Many severed pig heads, two offers to drink whiskey before 8:30 am, lottery tickets for sale, ear splittingly loud music that makes kids dance, and pounds of incense burned in front of spirit houses. It’s a holiday!
Sending our best to Terry. We miss you! Consider this a multimedia postcard.
Here’s the photo we took with you just before we left Minneapolis:
Last night we stayed in a Bangkok hotel with pretty good wi-fi, so we were able to download from iTunes an episode of Get Smart from the Sixties which features a bit of your ouevré:
We enjoyed lunch today in Suphanburi with the Honorable Glyn T. Davies, United States Ambassador to Thailand, his wife Jackie and staff people from the U.S. Embassy in Bangkok. We had a comprehensive discussion about child safety and health, especially how to address the problem of child drowning in Thailand. We also discussed our efforts in local schools to encourage new teaching techniques in English language classrooms.
Rarely do we use the too-bright ceiling flourescents. But it was a dark and stormy night, so we hit the switch …
…and with a prolonged, made-for-Hollywood sound effect the thing erupted in flame. Wowie. Never seen anything like it. It’s 220 volts, but only a piddling few amps according to our friend Ken the science teacher. We opened it up today and out fell the charred bodies of a few dozen millipedes. Previously damp, electrically conducting millipedes, we’re guessing.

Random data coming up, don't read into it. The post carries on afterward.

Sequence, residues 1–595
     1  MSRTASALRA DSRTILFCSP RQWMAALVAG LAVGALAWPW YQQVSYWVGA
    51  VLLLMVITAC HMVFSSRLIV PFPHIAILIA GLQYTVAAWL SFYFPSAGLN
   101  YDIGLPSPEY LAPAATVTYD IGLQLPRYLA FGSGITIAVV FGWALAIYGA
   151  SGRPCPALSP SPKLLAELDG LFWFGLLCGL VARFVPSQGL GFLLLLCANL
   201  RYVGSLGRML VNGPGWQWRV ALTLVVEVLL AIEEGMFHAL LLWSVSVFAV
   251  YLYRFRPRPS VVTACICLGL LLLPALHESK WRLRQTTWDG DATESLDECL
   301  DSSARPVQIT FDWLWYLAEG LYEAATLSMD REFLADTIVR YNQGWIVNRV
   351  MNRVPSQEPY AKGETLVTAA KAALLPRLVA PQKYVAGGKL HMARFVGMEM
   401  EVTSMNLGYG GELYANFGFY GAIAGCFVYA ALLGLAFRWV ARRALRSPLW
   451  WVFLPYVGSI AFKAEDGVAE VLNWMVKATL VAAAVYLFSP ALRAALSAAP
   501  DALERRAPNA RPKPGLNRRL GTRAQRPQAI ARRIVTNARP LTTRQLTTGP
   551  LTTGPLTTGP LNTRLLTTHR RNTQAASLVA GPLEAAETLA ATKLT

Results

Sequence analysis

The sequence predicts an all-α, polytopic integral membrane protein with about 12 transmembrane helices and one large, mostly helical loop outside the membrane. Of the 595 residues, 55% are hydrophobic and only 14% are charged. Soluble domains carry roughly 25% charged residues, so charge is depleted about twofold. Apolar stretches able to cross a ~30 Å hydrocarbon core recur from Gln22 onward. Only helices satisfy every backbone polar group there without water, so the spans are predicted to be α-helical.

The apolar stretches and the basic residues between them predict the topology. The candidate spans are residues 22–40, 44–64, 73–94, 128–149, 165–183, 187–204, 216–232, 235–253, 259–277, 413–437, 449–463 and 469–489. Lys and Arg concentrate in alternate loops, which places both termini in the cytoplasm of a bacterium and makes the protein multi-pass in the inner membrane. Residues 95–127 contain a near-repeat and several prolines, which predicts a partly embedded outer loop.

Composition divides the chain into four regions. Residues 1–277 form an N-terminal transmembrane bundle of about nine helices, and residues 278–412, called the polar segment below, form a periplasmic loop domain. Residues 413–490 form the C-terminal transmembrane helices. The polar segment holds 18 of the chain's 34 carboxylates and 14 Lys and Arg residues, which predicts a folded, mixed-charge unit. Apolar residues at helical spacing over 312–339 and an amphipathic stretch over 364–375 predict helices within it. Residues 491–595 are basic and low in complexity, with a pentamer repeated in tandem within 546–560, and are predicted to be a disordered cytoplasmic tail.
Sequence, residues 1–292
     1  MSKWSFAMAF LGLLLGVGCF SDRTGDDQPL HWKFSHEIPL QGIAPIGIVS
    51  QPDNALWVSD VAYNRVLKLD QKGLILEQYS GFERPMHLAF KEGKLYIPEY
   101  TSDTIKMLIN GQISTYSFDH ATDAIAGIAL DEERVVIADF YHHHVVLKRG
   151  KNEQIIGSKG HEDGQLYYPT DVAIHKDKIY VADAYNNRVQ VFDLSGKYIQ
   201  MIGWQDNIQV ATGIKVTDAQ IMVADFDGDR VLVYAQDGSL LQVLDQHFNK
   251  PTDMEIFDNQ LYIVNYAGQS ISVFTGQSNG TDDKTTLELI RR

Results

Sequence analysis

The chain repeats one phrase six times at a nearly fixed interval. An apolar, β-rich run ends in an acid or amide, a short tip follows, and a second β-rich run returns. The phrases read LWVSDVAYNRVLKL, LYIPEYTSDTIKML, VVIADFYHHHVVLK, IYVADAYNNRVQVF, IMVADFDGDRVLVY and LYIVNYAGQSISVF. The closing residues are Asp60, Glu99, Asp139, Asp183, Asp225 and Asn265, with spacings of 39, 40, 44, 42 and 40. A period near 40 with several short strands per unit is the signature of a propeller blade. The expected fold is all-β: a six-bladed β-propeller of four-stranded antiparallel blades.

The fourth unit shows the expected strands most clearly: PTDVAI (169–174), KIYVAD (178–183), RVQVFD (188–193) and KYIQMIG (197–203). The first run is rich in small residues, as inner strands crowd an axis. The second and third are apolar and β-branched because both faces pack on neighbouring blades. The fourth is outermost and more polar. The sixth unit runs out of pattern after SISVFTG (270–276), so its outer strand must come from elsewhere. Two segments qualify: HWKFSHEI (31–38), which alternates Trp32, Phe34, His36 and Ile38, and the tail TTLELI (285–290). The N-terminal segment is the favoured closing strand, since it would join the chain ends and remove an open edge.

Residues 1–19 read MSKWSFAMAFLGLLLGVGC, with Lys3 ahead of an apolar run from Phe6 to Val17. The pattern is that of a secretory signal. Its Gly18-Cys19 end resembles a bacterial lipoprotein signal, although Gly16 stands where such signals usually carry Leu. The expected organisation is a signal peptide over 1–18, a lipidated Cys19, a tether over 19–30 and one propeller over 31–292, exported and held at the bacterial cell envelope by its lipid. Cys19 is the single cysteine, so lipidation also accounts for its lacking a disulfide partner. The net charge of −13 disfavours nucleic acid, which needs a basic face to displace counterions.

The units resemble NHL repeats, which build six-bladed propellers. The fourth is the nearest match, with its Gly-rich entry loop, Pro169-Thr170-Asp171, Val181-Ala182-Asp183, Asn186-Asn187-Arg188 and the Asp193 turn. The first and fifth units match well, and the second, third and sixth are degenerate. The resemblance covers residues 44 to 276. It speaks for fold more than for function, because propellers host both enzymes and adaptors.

Now I know why at the end of last term the parents lined up to get envelopes of cash from school officials: the Thai government provides money to buy all the uniforms. (This causes me to ponder the institutional value given to order and, well, uniformity. Contrapuntally, it’s the same government that invites American Peace Corps volunteers to disrupt the usual way of educating. But I digress.)
The kids are delighted by some Russel Crowe film playing on the silver screen, and I’m delighted by the dubbed Thai coming from the actors’ lips.
The experience, despite being part of a large group of happy people, is almost a solitary one. My Thai is too primitive for any prolonged discussion (mostly, the highly-amped music wouldn’t allow conversation anyway). My respect is already high for Peace Corps volunteers who serve in lonely assignments — today’s “lonliness in a crowd” feeling renews my respect. Paul and I are lucky to serve together, to rely upon each other for everything from emotional support to cooking to comic relief. Especially comic relief.